SCALING the lofty heights of medicine is a given for the 250 future doctors who donned caps and gowns to graduate from the Royal College of Surgeons – but for one, the aim is even higher.
Neil Naik (24) from Toronto, Canada, hopes to be the doctor on board Elon Musk’s planned flight to Mars in 2030 – and is not bothered by the fact that it is likely to be a one-way ticket.
“Medicine was not my first choice – space was,” revealed Neil, who has been studying at the RCSI for the last four years.
However, shooting past the necessary height restrictions of 5ft 11ins and not having perfect vision meant a career as an astronaut was off-limits.
But he never abandoned his childhood career aspirations and followed his older sister, Sapna, into medicine because he “didn’t want to sit behind a desk”.
He now hopes to spend 16 years building up his skills as a doctor in rural Newfoundland to make him the perfect candidate for Musk to select as a medic for the SpaceX mission.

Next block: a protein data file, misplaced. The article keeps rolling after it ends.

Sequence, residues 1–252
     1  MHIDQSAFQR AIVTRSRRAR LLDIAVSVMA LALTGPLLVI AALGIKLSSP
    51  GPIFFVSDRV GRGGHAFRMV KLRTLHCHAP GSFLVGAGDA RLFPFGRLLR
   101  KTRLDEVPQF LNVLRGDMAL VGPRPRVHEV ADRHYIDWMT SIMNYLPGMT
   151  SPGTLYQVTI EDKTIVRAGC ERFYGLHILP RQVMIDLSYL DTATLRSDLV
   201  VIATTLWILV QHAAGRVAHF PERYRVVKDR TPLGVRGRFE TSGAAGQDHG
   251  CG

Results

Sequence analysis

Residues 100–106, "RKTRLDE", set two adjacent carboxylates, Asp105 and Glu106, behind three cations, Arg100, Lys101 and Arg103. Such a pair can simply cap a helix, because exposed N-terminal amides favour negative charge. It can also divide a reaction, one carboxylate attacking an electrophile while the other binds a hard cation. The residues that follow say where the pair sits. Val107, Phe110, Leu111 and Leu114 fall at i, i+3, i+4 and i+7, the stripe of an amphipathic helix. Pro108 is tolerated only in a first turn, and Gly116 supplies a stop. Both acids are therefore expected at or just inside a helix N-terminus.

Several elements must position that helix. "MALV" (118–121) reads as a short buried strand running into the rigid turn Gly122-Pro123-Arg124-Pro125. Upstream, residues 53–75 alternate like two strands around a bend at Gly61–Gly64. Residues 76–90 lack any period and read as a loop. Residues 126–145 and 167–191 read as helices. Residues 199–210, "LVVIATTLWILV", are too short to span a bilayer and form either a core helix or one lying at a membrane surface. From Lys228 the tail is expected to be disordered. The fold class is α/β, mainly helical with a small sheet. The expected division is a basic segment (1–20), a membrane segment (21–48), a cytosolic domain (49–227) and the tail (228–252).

Meanwhile, former actuary Mary Coughlan from Blanchardstown, Dublin, had graduated from RCSI with flying colours despite having a very junior – sometimes unruly – study companion.
Her young son Darragh was born just five months ago in her final year of medicine. “It was a juggling act and it was pretty difficult to study when I was pregnant,” Mary said.
She is now working in the medical oncology unit in Beaumont hospital and loves it.
“It’s very satisfying,” she said. “I was earning a six-figure sum as an actuary but I wanted a different challenge and you just make it work.”
Written by Nicola Anderson for the Irish Independent. View the original article here.